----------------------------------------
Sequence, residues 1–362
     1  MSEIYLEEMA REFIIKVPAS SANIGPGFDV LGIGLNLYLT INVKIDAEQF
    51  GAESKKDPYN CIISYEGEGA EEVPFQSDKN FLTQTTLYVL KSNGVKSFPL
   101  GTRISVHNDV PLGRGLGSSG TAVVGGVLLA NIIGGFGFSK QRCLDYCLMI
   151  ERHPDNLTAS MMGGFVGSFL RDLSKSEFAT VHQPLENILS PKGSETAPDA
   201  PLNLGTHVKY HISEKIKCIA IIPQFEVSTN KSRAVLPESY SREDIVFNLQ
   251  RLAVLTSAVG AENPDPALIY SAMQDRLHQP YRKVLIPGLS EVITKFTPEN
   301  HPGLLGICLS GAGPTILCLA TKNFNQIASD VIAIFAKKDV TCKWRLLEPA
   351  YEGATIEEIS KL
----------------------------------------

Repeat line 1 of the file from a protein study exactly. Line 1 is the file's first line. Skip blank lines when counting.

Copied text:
Sequence, residues 1–362